In review: Ham on Rye

Charles Bukowski is arguably one of my favorite authors. Of course, when I inform people of this, those familiar with the author will ask me why. I have read many of his short stories and I have always been impressed with the talent this man has. I finally ventured out to read one of his novels over last winter break.

Bukowski’s style can sometimes be offensive – well most of the time it’s offensive. His work is abrasive, honest and cynical, not your typical romance or mystery novel, which is why I find his writing so appealing.

This novel depicts some of the experiences Bukowski encountered growing up and, might I add, is filled with many strange experiences. His first encounters with alcohol, women and his will to fight anyone, anywhere at anytime, are detailed.

Henry Chinaski, Bukowski’s alter ego, grows up with a father that believed children should be seen and not heard. Discipline included a whipping with a razor strap his father hung in the bathroom. Later on in the story, his father trains him on how to keep a lawn, using scissors to cut stray blades of grass, mowing, watering and raking. If the lawn was not perfect by the end of Saturday afternoon, he would get whipped with the strap for discipline. These are just a few examples; his father is quite harsh not only towards his son, but to everyone.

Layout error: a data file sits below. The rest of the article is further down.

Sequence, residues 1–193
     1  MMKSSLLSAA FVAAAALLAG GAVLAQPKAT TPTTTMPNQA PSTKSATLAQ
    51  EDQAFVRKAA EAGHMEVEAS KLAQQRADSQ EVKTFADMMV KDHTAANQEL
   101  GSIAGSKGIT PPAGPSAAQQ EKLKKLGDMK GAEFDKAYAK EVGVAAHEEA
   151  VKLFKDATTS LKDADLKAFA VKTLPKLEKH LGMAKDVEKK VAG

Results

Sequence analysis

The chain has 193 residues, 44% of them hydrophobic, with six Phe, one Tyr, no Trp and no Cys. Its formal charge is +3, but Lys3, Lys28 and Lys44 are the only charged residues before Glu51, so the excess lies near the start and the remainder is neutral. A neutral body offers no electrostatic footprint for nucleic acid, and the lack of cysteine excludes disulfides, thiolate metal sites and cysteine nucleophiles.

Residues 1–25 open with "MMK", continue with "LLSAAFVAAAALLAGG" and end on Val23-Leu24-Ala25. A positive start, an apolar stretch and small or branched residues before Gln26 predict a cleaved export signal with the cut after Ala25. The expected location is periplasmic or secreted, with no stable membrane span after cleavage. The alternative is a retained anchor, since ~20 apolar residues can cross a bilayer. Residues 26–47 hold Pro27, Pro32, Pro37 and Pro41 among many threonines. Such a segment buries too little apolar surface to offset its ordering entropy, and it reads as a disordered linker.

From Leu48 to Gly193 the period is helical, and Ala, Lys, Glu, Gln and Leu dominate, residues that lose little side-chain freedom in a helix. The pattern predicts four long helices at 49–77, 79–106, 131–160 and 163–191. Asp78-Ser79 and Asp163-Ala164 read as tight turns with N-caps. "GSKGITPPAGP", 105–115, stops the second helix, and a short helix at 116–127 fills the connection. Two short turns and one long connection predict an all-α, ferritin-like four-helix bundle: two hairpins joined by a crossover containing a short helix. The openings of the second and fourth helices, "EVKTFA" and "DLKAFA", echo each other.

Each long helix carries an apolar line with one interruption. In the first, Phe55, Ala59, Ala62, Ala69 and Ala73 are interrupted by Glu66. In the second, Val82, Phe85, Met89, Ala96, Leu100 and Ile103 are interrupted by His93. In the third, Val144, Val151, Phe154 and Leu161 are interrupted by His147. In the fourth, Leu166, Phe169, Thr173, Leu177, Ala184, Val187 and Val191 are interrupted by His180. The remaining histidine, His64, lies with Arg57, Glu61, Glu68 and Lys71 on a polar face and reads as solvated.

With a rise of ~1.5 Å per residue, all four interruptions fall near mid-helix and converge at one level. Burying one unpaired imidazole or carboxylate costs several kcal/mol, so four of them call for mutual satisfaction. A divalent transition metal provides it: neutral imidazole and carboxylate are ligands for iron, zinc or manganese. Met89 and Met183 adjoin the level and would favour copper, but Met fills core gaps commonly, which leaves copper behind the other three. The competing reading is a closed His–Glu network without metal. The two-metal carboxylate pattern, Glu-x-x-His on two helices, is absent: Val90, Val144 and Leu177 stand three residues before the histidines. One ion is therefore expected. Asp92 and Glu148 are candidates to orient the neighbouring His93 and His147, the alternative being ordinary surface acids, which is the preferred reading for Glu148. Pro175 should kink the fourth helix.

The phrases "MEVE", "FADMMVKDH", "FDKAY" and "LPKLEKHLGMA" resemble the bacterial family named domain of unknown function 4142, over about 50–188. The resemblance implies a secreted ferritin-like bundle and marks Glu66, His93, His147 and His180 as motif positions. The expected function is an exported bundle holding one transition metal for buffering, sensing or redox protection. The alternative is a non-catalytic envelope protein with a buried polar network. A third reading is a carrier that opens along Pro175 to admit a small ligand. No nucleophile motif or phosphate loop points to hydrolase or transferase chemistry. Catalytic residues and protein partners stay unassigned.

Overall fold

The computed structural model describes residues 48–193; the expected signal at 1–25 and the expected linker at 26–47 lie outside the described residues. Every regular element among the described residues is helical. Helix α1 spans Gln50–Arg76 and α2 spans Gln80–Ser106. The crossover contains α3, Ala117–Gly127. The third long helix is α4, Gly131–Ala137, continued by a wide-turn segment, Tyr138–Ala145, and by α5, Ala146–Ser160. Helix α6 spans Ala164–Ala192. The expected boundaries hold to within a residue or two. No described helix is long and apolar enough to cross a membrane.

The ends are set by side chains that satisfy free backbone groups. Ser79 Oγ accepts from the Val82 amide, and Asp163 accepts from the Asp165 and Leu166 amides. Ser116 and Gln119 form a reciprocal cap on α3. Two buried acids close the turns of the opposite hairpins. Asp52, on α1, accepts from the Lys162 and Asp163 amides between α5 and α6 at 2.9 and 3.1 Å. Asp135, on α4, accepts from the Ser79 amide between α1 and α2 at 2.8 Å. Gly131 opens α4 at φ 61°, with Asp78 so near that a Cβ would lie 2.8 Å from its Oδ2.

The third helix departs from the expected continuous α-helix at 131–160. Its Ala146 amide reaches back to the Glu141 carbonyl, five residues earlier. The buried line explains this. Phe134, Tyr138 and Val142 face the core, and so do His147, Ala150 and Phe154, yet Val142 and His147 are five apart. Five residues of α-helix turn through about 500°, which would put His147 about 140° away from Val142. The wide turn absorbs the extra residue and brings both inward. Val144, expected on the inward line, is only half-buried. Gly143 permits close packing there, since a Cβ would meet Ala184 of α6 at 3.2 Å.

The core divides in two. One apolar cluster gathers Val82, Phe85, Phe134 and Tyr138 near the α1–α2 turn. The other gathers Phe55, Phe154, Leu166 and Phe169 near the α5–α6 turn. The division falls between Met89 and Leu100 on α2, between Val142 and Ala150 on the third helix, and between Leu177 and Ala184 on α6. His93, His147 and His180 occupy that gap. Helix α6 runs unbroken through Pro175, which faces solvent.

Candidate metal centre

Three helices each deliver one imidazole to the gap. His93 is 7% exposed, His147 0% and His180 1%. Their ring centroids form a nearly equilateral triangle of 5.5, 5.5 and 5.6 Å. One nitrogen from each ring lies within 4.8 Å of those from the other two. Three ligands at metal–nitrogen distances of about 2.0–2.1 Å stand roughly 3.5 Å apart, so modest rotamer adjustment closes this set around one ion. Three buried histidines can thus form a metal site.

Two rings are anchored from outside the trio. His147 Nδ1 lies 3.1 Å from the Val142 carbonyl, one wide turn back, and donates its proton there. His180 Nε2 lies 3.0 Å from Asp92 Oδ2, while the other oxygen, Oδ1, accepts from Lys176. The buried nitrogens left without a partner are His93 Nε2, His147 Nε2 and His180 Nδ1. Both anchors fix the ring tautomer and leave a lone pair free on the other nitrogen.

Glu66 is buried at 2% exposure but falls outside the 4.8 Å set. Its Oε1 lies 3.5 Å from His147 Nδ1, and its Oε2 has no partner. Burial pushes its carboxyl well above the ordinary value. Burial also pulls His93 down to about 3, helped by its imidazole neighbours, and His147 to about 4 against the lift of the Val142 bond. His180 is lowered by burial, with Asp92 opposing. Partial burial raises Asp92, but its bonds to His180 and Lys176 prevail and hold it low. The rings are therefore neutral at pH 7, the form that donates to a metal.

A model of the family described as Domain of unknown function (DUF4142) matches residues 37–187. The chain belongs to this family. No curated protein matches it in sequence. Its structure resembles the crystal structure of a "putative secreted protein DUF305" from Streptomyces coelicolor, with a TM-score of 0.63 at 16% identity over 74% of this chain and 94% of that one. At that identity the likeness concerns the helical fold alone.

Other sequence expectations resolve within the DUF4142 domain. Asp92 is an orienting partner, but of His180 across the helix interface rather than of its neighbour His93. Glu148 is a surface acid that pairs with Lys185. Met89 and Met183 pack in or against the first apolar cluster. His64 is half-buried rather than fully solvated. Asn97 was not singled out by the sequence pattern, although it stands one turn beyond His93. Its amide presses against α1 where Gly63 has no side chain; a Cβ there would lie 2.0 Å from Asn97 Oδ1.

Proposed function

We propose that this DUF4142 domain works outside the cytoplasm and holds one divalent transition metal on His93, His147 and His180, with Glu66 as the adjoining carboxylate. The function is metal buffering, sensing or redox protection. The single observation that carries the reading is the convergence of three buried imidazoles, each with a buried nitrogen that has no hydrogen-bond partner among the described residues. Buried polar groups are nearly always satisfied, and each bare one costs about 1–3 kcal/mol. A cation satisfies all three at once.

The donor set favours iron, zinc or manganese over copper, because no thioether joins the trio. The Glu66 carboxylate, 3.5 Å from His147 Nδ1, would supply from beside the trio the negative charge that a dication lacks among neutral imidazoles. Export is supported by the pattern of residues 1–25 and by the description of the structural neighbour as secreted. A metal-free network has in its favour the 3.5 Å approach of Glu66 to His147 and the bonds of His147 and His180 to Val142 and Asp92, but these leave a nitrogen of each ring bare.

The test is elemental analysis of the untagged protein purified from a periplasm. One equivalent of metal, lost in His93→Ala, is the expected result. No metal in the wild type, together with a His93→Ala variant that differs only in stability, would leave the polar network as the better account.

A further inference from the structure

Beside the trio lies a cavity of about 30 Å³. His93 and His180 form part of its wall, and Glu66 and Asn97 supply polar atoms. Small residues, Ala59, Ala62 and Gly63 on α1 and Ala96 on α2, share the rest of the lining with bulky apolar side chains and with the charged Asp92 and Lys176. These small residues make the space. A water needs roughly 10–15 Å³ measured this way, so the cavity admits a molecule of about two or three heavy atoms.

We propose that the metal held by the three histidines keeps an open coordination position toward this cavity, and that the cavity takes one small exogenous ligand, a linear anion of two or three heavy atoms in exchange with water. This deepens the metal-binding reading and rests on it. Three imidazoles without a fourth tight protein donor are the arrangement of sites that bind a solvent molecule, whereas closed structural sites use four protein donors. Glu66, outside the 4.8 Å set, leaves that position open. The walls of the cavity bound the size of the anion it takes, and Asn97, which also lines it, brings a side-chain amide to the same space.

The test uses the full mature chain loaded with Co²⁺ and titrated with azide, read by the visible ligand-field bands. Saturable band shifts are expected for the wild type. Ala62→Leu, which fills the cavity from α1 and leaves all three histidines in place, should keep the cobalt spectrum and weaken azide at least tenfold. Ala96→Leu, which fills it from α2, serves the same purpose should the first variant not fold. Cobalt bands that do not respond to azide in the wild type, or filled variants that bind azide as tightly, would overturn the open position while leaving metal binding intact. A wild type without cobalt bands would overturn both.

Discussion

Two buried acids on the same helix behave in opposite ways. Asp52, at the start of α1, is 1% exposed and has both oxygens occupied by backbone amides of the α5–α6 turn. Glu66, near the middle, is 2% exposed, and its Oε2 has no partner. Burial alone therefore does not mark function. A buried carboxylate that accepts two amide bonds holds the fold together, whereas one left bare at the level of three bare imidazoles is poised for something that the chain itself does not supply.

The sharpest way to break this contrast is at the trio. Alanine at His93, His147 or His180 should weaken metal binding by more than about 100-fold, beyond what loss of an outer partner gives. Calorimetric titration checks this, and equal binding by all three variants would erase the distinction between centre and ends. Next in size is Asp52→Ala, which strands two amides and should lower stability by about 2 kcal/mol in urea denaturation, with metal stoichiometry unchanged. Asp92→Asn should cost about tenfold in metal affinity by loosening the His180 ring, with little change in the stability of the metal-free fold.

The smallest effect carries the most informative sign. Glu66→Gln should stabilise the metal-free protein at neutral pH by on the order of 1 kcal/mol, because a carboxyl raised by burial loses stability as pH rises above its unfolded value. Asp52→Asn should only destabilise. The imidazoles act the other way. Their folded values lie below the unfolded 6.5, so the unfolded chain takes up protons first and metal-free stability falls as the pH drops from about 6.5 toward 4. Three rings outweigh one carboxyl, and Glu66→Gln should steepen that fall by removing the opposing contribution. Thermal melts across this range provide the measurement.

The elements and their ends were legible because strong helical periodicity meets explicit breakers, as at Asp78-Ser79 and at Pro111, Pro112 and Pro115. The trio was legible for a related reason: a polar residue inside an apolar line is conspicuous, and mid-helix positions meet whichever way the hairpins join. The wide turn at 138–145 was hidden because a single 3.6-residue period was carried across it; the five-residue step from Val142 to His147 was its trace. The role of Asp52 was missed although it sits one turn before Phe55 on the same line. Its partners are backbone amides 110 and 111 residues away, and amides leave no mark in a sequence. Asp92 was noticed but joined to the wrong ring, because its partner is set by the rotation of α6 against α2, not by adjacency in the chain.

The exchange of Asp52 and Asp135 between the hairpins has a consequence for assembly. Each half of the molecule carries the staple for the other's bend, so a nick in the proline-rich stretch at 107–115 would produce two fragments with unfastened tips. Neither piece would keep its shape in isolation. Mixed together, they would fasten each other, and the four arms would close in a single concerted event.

His first encounter with a women happened as a young boy with a little lady named Lila Jane. One thing you will notice about Bukowski, or Chinaski, throughout the novel is his distorted obsession with women. He does not seem to look at them as if they are people but rather objects, a theme seen in many Bukowski writings.

Another important revelation that Henry stumbles upon as a young boy is wine. His friend and he happen upon a wide variety of wine in his friends’ basement. This is where Chinaski decides what most college students decide during a tumultuous semester – being drunk is just way better then being sober.

As an avid Bukowski reader, I find that this novel explains a lot about who this man is. The outsider, the writer, the excessive alcoholic, the fighter, the cynic – it seems that throughout the novel, he slowly accepts that he is who he is and he will never be the family man or the successful business man. This is one of those books you just cannot put down. I read it within a short period of time, stopping only to sleep and eat.

Charles Bukowski is a dirty old man and I love him for it.